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"The British View the War of 1812 Quite Differently...." Topic


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Napoleonic
19th Century

1,180 hits since 17 Jan 2018
©1994-2019 Bill Armintrout
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Tango0117 Jan 2018 9:55 p.m. PST

…. Than Americans Do

"As we look forward to celebrating the bicentennial of the "Star-Spangled Banner" by Francis Scott Key, I have to admit, with deep shame and embarrassment, that until I left England and went to college in the U.S., I assumed the words referred to the War of Independence. In my defense, I suspect I'm not the only one to make this mistake.

For people like me, who have got their flags and wars mixed up, I think it should be pointed out that there may have been only one War of 1812, but there are four distinct versions of itóthe American, the British, the Canadian and the Native American. Moreover, among Americans, the chief actors in the drama, there are multiple variations of the versions, leading to widespread disagreement about the causes, the meaning and even the outcome of the war.

In the immediate aftermath of the war, American commentators painted the battles of 1812-15 as part of a glorious "second war for independence." As the 19th century progressed, this view changed into a more general story about the "birth of American freedom" and the founding of the Union. But even this note could not be sustained, and by the end of the century, the historian Henry Adams was depicting the war as an aimless exercise in blunder, arrogance and human folly. During the 20th century, historians recast the war in national terms: as a precondition for the entrenchment of Southern slavery, the jumping-off point for the goal of Manifest Destiny and the opening salvos in the race for industrial-capitalist supremacy. The tragic consequences of 1812 for the native nations also began to receive proper attention. Whatever triumphs could be parsed from the war, it was now accepted that none reached the Indian Confederation under Tecumseh. In this postmodern narrative about American selfhood, the "enemy" in the waróBritainóalmost disappeared entirely…."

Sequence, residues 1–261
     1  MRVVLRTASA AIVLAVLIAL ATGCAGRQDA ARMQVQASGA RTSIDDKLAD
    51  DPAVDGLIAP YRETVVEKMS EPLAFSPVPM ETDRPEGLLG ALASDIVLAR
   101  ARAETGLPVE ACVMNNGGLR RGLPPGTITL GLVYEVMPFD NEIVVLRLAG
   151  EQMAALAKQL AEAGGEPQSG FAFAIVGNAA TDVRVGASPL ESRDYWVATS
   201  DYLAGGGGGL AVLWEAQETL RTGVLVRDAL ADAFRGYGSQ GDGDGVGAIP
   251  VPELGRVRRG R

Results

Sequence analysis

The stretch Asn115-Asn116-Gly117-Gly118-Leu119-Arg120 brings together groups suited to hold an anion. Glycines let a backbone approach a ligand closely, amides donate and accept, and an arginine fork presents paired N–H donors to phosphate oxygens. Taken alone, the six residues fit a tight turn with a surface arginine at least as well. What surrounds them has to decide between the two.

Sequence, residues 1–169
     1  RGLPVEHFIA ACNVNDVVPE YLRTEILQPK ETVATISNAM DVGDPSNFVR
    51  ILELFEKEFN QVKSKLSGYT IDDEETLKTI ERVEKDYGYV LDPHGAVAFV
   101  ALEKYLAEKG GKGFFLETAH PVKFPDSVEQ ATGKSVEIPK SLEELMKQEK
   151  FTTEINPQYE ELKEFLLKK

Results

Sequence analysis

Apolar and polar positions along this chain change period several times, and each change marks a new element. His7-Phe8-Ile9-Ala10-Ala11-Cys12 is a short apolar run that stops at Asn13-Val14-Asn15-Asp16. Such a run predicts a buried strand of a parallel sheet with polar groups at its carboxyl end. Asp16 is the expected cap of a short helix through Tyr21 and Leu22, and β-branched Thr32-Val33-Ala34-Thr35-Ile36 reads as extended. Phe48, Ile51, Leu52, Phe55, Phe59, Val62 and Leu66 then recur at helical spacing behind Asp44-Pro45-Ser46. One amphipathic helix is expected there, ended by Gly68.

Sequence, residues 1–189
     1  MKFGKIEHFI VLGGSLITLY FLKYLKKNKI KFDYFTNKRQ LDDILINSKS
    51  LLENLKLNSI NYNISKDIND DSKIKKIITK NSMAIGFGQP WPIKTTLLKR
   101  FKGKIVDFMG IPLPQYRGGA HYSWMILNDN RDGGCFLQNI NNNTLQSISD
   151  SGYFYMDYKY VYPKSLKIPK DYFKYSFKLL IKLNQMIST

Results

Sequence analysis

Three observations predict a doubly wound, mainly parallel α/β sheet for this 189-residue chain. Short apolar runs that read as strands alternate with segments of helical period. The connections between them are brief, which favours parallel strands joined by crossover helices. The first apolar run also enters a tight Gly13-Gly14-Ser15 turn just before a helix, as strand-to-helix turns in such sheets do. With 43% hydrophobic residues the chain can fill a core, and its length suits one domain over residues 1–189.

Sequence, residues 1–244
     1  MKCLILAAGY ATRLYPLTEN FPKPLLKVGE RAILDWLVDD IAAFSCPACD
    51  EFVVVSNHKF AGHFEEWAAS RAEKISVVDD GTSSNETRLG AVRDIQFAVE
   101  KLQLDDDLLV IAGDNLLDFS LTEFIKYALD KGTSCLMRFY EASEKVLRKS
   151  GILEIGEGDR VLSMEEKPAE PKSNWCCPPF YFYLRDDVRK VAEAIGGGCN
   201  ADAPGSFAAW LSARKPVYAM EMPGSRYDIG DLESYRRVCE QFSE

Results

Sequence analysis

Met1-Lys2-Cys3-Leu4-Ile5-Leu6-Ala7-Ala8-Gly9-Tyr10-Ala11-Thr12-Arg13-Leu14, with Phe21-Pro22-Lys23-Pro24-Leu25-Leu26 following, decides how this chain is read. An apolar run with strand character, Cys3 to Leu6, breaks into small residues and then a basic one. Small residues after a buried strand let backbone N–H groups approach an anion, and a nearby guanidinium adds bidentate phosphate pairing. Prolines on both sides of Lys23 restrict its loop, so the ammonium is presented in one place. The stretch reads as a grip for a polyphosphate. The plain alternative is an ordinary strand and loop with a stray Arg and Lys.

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Amicalement
Armand

Prince Rupert of the Rhine18 Jan 2018 2:19 a.m. PST

I don't think it would be a big stretch to say your average Brit, in the street, will know very little to nothing about the war of 1812.

Vigilant18 Jan 2018 2:55 a.m. PST

Probably the same can be said of most US citizens too. From my own reading it means most to Canadians, and then mainly to those in the areas where it was fought.

Sobieski Inactive Member18 Jan 2018 3:43 a.m. PST

How about asking the Russians?

DrSkull18 Jan 2018 6:21 a.m. PST

Did he figure that out all by himself? Well done, Sherlock.

DrSkull18 Jan 2018 6:22 a.m. PST

Oh, and water is wet, fire is hot.

RudyNelson18 Jan 2018 7:35 a.m. PST

Sad to say that the average American does not care to know about history. If it does not affect their life's now then who cares.

It is so bad that one of my wife's co workers at here accounting department ask her who won the American Civil War. She had never heard of the war of 1812.

I run into the issue all the time with students working to get a GED.

Tango0118 Jan 2018 10:46 a.m. PST

"….It is so bad that one of my wife's co workers at here accounting department ask her who won the American Civil War…."

Glup!

Amicalement
Armand